corresponding mix designation are presented in Table-6. Replacement of cement up to 60% used

in this study, has resulted in mixes conforming to the code specified mix designations.
35
1:3

28 day compressive strength, MPa


1:4
30
1:5

25

20

15

10

5
0 10 20 30 40 50 60
% of fly ash replacement

Fig.7 28-day compressive strength for replacement of fly ash.

35
1:3
1:4
90 day compressive strength, MPa

30 1:5

25

20

15

10

5
0 10 20 30 40 50 60
% of fly ash replacement

Fig.8 90-day compressive strength for replacement of fly ash.


Table-6 Classification of mixes as per BS and ASTM for addition of fly ash [1,2]

Replacement level of Mix designation of mortar mixes based on minimum compressive strength as per ASTM C
cement with fly ash 270 and BS 5628
1:3 1:4 1:5

Actual comp.

Actual comp.

Actual comp.
as per ASTM

as per ASTM

as per ASTM
Designation

Designation

Designation
Designation

Designation

Designation
as per BS

as per BS

as per BS
strength

strength

strength
(MPa)

(MPa)

(MPa)
C270

C270

C270
5628

5628

5628
0 32.3 i M 24.9 i M 16.4 i S
25 23.8 i M 17.8 i M 13.6 ii S
40 21.2 i M 15.1 ii S 11.5 ii N
50 20.5 i M 12.8 ii S 8.7 ii N
60 11.9 ii N 9.4 ii N 8.1 ii N

Comparison between Addition of fly ash to the mix and Replacement of cement with fly ash

In the cases of addition of fly ash and replacement of cement with fly ash in different mixes, as the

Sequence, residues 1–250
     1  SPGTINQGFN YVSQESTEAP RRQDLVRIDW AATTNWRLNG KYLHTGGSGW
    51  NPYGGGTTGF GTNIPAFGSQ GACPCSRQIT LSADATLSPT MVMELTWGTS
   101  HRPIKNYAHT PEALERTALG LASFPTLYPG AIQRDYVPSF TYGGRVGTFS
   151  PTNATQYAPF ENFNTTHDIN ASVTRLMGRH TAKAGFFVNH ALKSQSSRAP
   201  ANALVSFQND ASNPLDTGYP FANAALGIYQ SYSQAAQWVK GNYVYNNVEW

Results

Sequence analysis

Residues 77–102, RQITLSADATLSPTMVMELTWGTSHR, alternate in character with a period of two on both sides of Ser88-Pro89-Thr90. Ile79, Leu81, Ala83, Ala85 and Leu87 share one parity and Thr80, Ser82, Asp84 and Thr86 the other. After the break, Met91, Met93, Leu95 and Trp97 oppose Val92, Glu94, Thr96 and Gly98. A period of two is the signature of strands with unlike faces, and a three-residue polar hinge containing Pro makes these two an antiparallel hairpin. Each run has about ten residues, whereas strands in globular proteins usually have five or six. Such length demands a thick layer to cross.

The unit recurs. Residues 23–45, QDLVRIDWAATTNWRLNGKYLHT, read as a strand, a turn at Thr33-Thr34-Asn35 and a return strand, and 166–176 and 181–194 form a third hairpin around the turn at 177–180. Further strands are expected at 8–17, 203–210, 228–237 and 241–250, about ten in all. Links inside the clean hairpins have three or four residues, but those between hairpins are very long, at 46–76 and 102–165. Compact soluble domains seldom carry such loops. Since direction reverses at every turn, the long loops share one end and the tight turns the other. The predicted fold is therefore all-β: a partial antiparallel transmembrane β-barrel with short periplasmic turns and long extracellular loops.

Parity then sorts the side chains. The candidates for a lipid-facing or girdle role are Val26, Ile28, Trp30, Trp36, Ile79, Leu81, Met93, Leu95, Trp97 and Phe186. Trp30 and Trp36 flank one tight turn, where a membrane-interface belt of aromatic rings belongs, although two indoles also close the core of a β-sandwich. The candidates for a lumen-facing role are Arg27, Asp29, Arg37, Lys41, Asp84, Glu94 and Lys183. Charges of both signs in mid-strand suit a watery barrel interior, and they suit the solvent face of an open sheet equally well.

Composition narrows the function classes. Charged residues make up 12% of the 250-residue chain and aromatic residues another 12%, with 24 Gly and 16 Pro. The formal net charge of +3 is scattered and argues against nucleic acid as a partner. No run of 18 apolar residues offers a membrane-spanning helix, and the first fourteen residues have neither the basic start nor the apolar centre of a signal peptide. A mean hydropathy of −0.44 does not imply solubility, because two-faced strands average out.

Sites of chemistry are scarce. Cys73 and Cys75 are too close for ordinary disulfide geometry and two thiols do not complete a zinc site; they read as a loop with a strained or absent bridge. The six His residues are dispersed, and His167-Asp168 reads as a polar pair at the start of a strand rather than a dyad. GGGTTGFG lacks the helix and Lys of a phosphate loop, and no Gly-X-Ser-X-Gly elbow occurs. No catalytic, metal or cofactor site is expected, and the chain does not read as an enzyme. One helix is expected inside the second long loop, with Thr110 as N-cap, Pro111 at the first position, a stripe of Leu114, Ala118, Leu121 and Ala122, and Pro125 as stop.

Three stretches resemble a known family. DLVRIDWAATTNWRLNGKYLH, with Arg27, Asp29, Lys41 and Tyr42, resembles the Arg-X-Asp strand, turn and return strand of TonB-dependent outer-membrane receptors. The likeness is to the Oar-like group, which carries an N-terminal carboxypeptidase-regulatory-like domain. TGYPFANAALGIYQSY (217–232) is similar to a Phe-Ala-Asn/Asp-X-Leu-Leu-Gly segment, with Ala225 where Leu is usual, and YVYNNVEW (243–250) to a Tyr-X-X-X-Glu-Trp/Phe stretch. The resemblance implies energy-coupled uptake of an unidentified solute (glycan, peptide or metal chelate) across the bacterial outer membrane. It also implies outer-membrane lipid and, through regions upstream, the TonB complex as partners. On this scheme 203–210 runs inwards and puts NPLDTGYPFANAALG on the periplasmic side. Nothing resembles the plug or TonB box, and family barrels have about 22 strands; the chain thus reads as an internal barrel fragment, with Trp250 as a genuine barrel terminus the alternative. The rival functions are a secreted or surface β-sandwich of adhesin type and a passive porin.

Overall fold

mixes are made in volume proportions, the cement content in each of the mixes would be

different. Hence a comparison between these two methods of inclusion of fly ash into the mortar

mixes is compared on the basis of cement content in the mixes in Figs.9-11.

24
28-days compressive strength, MPa

22

20

18

16 1:3 mix
Addition
Replacement
14 Addition
Replacement
12

200 250 300 350 400 450 500 550


3
Cement content, kg/m

Fig.9 Comparison of methods of inclusion of fly ash (Addition vs. Replacement) for 1:3 Mix
22

20

28-days compressive strength, MPa 18

16

1:4 mix
14 Addition
Replacement
12 Addition
Replacement

10

8
150 200 250 300 350 400 450
3
Cement content, kg/m

Fig.10 Comparison of methods of inclusion of fly ash (Addition vs. Replacement) for 1:4 Mix

22

1:5 mix
20
28-days compressive strength, MPa

Addition
Replacement
18 Addition
Replacement
16

14

12

10

8
100 150 200 250 300 350 400
3